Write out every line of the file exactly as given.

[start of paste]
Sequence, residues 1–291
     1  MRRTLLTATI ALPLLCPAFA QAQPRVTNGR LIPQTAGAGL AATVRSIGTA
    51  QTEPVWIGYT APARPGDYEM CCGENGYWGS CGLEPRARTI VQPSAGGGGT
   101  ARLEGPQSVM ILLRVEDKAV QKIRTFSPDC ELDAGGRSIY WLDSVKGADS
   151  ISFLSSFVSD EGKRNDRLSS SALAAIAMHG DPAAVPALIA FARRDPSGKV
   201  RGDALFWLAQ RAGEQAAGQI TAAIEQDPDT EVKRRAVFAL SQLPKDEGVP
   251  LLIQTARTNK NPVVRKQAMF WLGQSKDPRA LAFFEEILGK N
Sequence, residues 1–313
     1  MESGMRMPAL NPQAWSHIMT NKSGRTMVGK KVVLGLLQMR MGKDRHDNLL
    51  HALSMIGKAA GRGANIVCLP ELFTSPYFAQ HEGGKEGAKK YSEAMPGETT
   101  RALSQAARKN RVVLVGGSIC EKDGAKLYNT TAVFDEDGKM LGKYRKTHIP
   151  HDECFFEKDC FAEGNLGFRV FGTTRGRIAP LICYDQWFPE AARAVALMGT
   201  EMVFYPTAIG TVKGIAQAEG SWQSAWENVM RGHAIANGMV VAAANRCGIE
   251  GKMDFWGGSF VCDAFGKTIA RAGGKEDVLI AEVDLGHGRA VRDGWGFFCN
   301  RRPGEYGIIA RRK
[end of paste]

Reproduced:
Sequence, residues 1–291
     1  MRRTLLTATI ALPLLCPAFA QAQPRVTNGR LIPQTAGAGL AATVRSIGTA
    51  QTEPVWIGYT APARPGDYEM CCGENGYWGS CGLEPRARTI VQPSAGGGGT
   101  ARLEGPQSVM ILLRVEDKAV QKIRTFSPDC ELDAGGRSIY WLDSVKGADS
   151  ISFLSSFVSD EGKRNDRLSS SALAAIAMHG DPAAVPALIA FARRDPSGKV
   201  RGDALFWLAQ RAGEQAAGQI TAAIEQDPDT EVKRRAVFAL SQLPKDEGVP
   251  LLIQTARTNK NPVVRKQAMF WLGQSKDPRA LAFFEEILGK N
Sequence, residues 1–313
     1  MESGMRMPAL NPQAWSHIMT NKSGRTMVGK KVVLGLLQMR MGKDRHDNLL
    51  HALSMIGKAA GRGANIVCLP ELFTSPYFAQ HEGGKEGAKK YSEAMPGETT
   101  RALSQAARKN RVVLVGGSIC EKDGAKLYNT TAVFDEDGKM LGKYRKTHIP
   151  HDECFFEKDC FAEGNLGFRV FGTTRGRIAP LICYDQWFPE AARAVALMGT
   201  EMVFYPTAIG TVKGIAQAEG SWQSAWENVM RGHAIANGMV VAAANRCGIE
   251  GKMDFWGGSF VCDAFGKTIA RAGGKEDVLI AEVDLGHGRA VRDGWGFFCN
   301  RRPGEYGIIA RRK